Like many independent filmmakers, I was thinking firstly about what kind of locations I had easy access to and I hit upon the idea of creating a film around a series of bathrooms. Bathrooms have a long history of featuring in horror films and, whilst Psycho (1960) is the obvious example, The Shining (1980), Shivers (1975), Profondo Rosso (1975) and I Spit on Your Grave (1978) all feature unnerving bathroom encounters that stay with the audience. Bathrooms are spaces in which people feel safe safe, yet ironically are often where people are at their most vulnerable. I began researching deaths and murders that took place in bathrooms and was surprised at how often bathrooms have featured in celebrity deaths. I then wrote a first draft for Dead Celebrities which I ran past my writing partner Mathew Bayliss and producer Lou Nosbod.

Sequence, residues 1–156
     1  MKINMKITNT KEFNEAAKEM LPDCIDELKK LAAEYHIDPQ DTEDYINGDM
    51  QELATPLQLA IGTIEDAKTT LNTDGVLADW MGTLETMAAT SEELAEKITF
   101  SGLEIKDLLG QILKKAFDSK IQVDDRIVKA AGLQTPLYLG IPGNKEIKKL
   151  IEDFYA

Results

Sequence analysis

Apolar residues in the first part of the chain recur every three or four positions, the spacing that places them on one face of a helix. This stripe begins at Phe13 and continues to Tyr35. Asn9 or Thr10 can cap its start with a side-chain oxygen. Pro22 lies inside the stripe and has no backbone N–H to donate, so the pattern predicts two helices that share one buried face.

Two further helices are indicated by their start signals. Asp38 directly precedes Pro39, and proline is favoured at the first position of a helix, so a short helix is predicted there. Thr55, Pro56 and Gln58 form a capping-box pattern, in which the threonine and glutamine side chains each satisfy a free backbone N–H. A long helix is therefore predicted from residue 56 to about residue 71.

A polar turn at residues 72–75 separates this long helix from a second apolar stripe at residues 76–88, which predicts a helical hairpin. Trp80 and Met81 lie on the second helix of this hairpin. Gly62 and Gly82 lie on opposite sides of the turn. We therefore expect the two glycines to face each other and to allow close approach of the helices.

Q. Were there any other celebrities who you considered incorporating into the film?

Yes, the original script featured several more celebrity bathroom deaths than occur in the final film, most notably Judy Garland and there were more involved discussion between the two central characters, Mick and Joe, which referenced the deaths of many more celebrities, such as Whitney Houston. Essentially, it came down to a question of time, both in terms of production and the running time of the film.


Q. What were your influences for the look and style of the film?